Ed Note: The following is an excerpt of testimony submitted by Dr. Kates before the Senate on the stimulus package
On 21 September I provided testimony to the Senate Economics References Committee on the damage done by the government’s “stimulus” package. The submission was broken into five separate sections.
- The state of the national economy where it was demonstrated that the Australian economy has been and is in recession. Even using the “technical definition”, the actions of the Government have not prevented the economy from entering recession.
- The impossibility of quantifying the effect of the stimulus showing that conclusions based on projections from a Keynesian model cannot be used to demonstrate that the economy would have been worse off had no Keynesian stimulus been applied. To think that a Keynesian model can substantiate any Keynesian claim when the economy continues to flounder is merely circular reasoning and based on no serious evidence.
- The harm done by the stimulus which includes:
- noting that there is no justification for the introduction of a stimulus other than its effects on employment whose effects have been minimal at best
- the distortions in the structure of production which occur as a result of the stimulus which directs the economy into unproductive activities
- the loss in real economic growth because the stimulus measures have competed resources way from productive enterprises
- a loss in long-term economic growth which will depress the rise in real incomes and lower living standards
- the effect on interest rates which have remained higher than they otherwise would have been and will rise sooner than they otherwise needed to have done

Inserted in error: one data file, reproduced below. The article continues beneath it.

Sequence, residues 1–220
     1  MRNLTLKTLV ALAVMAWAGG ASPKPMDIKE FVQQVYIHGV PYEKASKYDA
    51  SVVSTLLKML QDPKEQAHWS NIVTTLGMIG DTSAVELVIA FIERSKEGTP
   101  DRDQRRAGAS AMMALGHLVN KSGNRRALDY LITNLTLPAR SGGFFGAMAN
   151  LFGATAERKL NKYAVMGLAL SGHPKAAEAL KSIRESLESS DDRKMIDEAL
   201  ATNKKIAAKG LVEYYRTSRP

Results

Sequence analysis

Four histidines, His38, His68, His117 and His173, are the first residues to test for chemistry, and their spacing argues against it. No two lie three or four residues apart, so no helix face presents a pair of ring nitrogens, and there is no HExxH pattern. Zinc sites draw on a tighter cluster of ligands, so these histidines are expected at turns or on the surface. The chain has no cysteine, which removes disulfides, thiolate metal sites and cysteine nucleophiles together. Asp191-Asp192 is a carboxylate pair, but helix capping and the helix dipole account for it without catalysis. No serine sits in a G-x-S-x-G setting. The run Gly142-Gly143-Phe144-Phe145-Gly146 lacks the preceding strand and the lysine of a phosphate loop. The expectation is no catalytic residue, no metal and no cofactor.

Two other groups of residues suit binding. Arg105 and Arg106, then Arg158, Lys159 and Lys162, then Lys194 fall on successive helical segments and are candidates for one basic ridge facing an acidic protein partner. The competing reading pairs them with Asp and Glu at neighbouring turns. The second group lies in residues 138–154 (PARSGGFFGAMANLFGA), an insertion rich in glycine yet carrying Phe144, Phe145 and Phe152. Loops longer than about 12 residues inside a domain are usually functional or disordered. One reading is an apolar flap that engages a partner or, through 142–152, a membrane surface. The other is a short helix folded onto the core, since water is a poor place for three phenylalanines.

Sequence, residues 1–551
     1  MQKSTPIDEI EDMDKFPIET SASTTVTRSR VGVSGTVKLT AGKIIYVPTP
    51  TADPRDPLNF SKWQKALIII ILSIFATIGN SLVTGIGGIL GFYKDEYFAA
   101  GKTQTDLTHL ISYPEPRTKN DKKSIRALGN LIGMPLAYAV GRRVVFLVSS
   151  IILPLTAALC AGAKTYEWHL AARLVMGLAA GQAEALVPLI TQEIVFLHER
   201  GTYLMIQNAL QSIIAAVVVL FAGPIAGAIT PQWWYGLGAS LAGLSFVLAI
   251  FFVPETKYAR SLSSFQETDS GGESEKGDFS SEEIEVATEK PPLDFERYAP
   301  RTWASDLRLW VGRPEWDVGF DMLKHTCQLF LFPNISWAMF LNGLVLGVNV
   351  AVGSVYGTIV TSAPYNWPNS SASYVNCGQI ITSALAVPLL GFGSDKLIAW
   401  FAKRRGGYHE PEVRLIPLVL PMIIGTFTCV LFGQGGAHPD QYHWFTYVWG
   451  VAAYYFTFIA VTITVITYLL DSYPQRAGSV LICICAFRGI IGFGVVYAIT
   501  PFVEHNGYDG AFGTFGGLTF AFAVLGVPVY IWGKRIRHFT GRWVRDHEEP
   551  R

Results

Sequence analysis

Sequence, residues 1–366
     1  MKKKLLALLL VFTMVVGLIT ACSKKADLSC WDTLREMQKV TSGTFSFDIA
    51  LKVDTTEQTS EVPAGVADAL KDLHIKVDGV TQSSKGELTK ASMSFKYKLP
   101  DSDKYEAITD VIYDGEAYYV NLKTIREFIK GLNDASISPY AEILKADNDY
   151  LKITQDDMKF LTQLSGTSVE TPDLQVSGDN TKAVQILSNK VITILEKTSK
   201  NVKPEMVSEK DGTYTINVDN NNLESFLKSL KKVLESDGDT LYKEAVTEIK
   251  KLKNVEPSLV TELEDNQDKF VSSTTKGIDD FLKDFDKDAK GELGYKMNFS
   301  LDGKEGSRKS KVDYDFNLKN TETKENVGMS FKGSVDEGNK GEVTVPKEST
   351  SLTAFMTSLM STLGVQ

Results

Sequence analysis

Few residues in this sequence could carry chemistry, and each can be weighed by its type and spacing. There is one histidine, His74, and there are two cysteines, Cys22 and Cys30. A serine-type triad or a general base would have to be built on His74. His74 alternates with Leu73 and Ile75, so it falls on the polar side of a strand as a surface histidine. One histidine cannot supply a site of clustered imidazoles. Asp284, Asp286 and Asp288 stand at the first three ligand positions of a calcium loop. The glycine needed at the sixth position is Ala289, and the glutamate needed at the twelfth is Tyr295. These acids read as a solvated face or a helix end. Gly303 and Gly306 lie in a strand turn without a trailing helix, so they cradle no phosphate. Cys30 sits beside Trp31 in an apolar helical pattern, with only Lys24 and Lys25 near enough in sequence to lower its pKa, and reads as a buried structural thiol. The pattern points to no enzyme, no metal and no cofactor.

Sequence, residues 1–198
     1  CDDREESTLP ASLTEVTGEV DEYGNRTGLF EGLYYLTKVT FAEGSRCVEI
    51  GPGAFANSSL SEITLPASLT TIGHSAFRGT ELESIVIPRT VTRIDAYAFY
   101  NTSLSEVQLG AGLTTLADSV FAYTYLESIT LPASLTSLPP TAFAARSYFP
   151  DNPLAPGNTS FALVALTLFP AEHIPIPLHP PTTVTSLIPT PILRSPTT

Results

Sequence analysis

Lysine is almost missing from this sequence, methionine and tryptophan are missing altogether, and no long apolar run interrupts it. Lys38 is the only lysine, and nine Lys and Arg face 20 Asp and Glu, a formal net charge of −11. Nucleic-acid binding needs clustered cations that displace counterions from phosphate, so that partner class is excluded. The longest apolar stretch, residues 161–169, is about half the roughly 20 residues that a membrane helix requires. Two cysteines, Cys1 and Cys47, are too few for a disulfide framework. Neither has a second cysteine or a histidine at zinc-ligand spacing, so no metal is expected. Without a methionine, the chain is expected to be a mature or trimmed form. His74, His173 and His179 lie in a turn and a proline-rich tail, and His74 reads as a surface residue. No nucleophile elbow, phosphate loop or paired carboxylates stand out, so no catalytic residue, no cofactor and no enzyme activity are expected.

- the effect on future taxation which will need to rise by prodigious amounts if the debts that have been taken on are to be repaid
- the potential effect on inflation which may become an important medium-term economic issue as the recovery gathers some momentum.
- The fundamental structural flaws in Keynesian economic theory which wrongly argues that increases in public spending and budget deficits are capable of generating economic growth even when the money spent is spent on producing goods whose value is far below their costs of production.
- A discussion of the theory of the cycle where it was noted that economies are subject to alternating periods of growth and periods of recession. The panic that greeted the downturn both here and elsewhere were massively disproportionate to the actual dimensions of the problems, even assuming that a stimulus package was the right approach, which it isn’t.
The full submission runs to 27 pages, but I will just note a couple of the specifics raised. The first of these is to point out that the economy has not only been in recession, but using the ABS-preferred trend data, the downturn even matches the definition of a “technical” recession by having contracted in two consecutive quarters.
The movement in the September quarter 2008 was negligible but unquestionably negative. In the December quarter 2008 the fall was somewhat larger but again negative. Thus using even the “technical” definition, on the best measure we have of the movements in GDP, the economy contracted for two consecutive quarters.